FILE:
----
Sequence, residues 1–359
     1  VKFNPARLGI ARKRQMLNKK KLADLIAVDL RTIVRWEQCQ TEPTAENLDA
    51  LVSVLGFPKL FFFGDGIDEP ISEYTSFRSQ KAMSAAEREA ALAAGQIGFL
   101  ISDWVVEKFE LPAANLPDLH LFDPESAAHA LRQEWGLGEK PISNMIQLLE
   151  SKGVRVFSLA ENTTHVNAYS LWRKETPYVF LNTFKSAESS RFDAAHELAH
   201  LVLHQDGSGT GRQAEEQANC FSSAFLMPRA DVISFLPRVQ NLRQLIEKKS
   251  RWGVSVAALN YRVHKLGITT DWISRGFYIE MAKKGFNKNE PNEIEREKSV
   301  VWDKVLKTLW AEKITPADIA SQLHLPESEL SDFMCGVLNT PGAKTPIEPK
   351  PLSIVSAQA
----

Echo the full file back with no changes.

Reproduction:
Sequence, residues 1–359
     1  VKFNPARLGI ARKRQMLNKK KLADLIAVDL RTIVRWEQCQ TEPTAENLDA
    51  LVSVLGFPKL FFFGDGIDEP ISEYTSFRSQ KAMSAAEREA ALAAGQIGFL
   101  ISDWVVEKFE LPAANLPDLH LFDPESAAHA LRQEWGLGEK PISNMIQLLE
   151  SKGVRVFSLA ENTTHVNAYS LWRKETPYVF LNTFKSAESS RFDAAHELAH
   201  LVLHQDGSGT GRQAEEQANC FSSAFLMPRA DVISFLPRVQ NLRQLIEKKS
   251  RWGVSVAALN YRVHKLGITT DWISRGFYIE MAKKGFNKNE PNEIEREKSV
   301  VWDKVLKTLW AEKITPADIA SQLHLPESEL SDFMCGVLNT PGAKTPIEPK
   351  PLSIVSAQA